For myself, I do my best to have the open and true faith of a child as I approach such questions as, for example, whether to understand the creation story as literal.  I try to approach such questions with a deep faith that says, I may not know the answer to this question but I know that God the Father is true, that Jesus and the Holy Spirit are true, that the three of them are one God.  Basically, I approach these difficult questions as someone who believes the deeper truth of God but who can't necessarily work out all of these details that so many are hung up on.  And I'm not trying to say, oh look at me, look at how awesome I am. I know I am infinitely far from perfect. I just wanted to share my outlook on this as a foundation for how I intend on approaching such questions in my blog in the future.

Tuesday, March 29, 2011

Quotable Tuesday, II

"My only job is to be talented, that is, to know how to distinguish important testimony from unimportant, to place my characters in the proper light and speak their language." - Anton Chekhov

Ok, so here's the whole quote which is what I've always liked, but since I felt it violated the idea of my discussing the power and meaning of short quotes to throw that up initially, here it is:

Is it me, or does he look like Ed Norton here?
In my opinion it is not the writer's job to solve such problems as God, pessimism, etc; his job is merely to record who, under what conditions, said or thought what about God or pessimism. The artist is not meant to be a judge of his characters and what they say; his only job is to be an impartial witness. I heard two Russians in a muddled conversation about pessimism, a conversation that solved nothing; all I am bound to do is reproduce that conversation exactly as I heard it. Drawing conclusions is up to the jury, that is, the readers. My only job is to be talented, that is, to know how to distinguish important testimony from unimportant, to place my characters in the proper light and speak their language. — To Alexei Suvorin, May 30, 1888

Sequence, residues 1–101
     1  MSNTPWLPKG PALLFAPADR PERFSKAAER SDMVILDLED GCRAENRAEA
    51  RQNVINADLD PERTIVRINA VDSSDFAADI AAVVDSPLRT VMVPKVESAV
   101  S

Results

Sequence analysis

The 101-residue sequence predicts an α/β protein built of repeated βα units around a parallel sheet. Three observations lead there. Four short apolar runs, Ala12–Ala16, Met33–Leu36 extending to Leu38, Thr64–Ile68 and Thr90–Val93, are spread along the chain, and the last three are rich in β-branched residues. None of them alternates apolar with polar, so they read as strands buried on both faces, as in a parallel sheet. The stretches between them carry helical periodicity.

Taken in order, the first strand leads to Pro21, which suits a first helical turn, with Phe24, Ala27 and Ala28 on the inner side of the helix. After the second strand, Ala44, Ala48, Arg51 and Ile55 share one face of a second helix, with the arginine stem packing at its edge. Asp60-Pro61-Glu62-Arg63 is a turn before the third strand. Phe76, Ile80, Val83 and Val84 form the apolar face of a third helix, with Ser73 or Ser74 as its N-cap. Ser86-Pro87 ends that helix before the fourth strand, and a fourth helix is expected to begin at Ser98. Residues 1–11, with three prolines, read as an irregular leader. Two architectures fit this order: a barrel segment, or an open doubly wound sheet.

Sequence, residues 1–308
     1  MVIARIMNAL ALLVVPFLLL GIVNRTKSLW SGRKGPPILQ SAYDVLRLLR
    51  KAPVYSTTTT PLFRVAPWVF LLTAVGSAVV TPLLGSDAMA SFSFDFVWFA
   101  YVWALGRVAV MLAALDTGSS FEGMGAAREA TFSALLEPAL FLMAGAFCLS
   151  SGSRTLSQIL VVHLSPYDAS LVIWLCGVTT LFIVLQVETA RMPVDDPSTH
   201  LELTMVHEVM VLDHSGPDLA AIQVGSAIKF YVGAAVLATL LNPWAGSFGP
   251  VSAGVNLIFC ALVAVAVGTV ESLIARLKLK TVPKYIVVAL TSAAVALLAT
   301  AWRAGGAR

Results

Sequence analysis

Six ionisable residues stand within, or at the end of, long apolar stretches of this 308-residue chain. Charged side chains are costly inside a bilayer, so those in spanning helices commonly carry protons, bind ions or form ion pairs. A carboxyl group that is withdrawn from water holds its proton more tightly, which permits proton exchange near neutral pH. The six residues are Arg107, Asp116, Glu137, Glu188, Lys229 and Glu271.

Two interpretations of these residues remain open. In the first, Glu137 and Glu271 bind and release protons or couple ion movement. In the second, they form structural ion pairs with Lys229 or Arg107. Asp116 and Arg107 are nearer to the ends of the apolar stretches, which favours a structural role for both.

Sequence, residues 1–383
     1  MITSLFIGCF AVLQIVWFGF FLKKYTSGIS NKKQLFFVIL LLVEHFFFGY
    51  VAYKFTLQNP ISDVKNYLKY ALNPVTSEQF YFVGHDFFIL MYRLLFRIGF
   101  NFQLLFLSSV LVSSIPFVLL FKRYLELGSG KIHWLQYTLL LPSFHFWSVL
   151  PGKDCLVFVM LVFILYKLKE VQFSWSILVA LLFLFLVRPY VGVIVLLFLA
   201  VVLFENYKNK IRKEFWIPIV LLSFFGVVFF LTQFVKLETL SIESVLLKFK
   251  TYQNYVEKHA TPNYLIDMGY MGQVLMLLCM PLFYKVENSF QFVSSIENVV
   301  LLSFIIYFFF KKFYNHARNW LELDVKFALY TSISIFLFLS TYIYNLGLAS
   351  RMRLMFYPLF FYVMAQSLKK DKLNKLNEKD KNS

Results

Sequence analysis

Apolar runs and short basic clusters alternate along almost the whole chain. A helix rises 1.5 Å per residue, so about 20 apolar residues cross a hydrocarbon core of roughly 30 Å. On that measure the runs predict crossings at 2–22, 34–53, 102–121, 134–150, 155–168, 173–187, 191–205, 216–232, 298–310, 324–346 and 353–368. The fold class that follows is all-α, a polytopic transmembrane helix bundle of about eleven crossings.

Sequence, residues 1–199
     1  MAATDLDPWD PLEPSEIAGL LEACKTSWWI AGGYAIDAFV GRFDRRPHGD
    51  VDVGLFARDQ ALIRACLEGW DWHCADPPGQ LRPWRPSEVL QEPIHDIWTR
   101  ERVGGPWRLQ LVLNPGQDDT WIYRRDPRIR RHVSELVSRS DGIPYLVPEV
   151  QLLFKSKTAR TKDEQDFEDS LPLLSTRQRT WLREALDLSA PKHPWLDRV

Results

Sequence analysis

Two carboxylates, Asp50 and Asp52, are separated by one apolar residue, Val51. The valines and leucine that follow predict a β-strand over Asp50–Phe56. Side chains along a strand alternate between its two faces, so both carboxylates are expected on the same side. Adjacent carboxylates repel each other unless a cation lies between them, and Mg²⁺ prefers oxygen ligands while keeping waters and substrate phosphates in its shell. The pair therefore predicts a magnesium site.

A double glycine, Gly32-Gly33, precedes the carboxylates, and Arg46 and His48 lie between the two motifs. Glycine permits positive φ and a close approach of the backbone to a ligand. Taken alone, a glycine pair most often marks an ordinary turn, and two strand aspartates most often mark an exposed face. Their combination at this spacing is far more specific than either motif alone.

Above quote was found here here - a great page with a bunch of Chekhov quotes on writing.  So much great stuff there, but this one wins the blog post since it is one that I saw long ago and that stuck out to me.  You know, there's no such thing as a free lunch.  (Oh, wait... that doesn't apply to this.)

I think Chekhov is the greatest short story writer ever and he is also one of my favorite writers.  So when he talks about craft, I sit up and listen.  Do I think that great literature can be created that violates what he is saying, absolutely.  There's probably a ton of it out there and I look to you literati to list some for me in the comments :)  So, I don't think that this is the only way to write, but it certainly seems like one way of considering craft that could take a person a long way.  Concerning oneself with the real people of the earth, representing them and their concerns honestly will take a writer very far.  The further I get from undergrad and adolescence the further I get from trickery or novelty in form and subject matter and the closer I get to a more honest and realistic (at least I hope...) depiction of representavive/significant events with realistic characters.  (well, to the best of my ability, etc, of course)